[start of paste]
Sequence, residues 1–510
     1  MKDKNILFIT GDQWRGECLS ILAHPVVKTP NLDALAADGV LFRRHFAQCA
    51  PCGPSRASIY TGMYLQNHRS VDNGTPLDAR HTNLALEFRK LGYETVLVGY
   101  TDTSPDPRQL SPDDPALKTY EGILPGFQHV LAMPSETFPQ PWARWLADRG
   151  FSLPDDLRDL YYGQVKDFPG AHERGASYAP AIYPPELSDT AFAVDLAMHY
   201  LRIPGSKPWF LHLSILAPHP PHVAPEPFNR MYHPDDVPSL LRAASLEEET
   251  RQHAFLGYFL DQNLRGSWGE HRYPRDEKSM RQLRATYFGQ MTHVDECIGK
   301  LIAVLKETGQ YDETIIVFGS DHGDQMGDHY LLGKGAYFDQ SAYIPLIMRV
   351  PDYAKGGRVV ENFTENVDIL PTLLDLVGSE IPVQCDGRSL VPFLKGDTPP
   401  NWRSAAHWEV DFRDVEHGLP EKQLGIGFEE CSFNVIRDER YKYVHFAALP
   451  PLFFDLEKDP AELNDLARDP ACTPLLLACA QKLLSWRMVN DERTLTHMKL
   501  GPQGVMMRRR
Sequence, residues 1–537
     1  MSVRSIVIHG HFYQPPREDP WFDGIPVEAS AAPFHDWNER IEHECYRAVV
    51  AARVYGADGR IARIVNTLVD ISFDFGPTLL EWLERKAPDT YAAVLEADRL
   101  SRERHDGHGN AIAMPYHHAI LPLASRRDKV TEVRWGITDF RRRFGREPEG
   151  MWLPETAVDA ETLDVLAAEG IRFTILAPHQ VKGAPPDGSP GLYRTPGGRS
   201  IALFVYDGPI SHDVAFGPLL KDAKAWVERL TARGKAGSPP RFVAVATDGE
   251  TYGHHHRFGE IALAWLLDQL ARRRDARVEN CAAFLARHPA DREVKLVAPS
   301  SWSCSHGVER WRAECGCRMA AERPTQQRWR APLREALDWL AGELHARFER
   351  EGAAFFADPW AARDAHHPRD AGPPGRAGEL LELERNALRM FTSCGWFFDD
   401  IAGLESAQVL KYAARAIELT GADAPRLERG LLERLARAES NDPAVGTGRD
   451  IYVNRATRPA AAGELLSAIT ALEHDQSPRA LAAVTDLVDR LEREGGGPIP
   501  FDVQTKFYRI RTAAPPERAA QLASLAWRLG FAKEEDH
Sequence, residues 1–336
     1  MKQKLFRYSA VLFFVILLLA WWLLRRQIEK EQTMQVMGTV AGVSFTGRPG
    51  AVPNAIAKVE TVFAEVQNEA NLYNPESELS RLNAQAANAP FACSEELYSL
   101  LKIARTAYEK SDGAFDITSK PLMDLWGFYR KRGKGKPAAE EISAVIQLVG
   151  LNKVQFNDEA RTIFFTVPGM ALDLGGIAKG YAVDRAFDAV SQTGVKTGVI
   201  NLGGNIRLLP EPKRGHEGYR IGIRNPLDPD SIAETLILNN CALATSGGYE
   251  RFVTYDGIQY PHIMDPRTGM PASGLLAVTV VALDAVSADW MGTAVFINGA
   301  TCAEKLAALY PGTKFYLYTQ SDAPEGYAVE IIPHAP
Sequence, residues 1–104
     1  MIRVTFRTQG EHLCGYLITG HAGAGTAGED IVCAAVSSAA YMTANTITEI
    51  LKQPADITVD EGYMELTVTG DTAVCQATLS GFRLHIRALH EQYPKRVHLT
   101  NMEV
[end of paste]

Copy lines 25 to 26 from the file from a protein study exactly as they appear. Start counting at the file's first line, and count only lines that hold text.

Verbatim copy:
Sequence, residues 1–336
     1  MKQKLFRYSA VLFFVILLLA WWLLRRQIEK EQTMQVMGTV AGVSFTGRPG